I love maths and mathematical concepts but I totally get that many people and children have the opposite view. As a primary school teacher, hearing the words I can’t do maths from children, or I wasn’t good at maths from adults is very disheartening. The truth is, anyone can ‘do maths’ and understand mathematical concepts, they just need to be explained in a way that makes it relevant to the learner.
Readers of The School of Numbers will find themselves guided by a crew of mathematical astronauts through three terms of maths lessons. The three terms each have a specific focus; numbers is handled in term one, shape and space in term two and maths in the real world in term three. Readers can dip in and out of the book as per their learning needs using the clear contents page that numbers lessons and gives a clear focus for what learning will be found on the pages. Topics range from the more simple concepts of addition and subtraction, to fractions and percentages, to the mind boggling topics of probability and Pi (the number variety not the pastry).
The forty lessons are each presented over a double page, with the exception of 3D shapes and Transformation which share a double page. Each lesson is ‘taught’ by one of the crew of the Starship Infinity. Get ready to learn with Adam Up, Lois Carmen Denominator, Al Jabra and the rest of the gang. Lessons are easy to follow and include worked through examples that are clear and easy to follow. The illustrations are colourful and fun and genuinely make things feel really enjoyable. The activities that readers are tasked to do are relevant to the learning within the lesson and answers are provided at the bottom of the page (upside down of course). I’m big into making connections to maths in our everyday lives and this book does a really good job of linking the maths concepts to real life.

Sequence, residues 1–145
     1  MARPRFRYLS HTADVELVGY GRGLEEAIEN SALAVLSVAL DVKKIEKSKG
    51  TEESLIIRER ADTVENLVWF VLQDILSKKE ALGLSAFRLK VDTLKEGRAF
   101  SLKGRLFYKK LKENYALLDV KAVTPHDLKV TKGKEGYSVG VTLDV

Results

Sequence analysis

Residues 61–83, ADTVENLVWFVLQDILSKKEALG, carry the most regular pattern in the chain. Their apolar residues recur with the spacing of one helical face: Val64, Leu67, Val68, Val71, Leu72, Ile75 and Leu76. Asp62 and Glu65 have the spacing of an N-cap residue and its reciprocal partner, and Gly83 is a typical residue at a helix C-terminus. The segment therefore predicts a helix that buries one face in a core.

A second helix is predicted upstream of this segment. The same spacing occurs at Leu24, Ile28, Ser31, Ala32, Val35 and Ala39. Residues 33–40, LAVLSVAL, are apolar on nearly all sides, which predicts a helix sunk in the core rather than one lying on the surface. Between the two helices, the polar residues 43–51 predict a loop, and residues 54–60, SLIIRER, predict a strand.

As well as lessons that explain the fundamental concepts, tricks and tips often crop up which will fascinate readers. These include sneaky ways to calculate times table facts and how to easily find triangular numbers. There are also magic number tricks to perform to amaze your friends, your parents and even your teachers.
This book covers such a wide range of topics that it is very difficult to say an exact age that it would be appropriate for. All children learn at different rates and will master some topics more quickly than others. Younger children would perhaps benefit from many of the number lessons, but concepts to do with measurements of a circle and types of triangles would be beyond them. The opposite is true for older readers who would find challenge in the lessons on speed, distance and time and exploring powers, but would find some of the other lessons too simplistic.
The book would be best used as a means of re-enforcing school learning and supplementing knowledge or as a pre-cursor for learning at school. This book will not meet the needs of all children, but for those who enjoy learning through written examples then this is a perfect tool to support learning.
Recommended for 8+.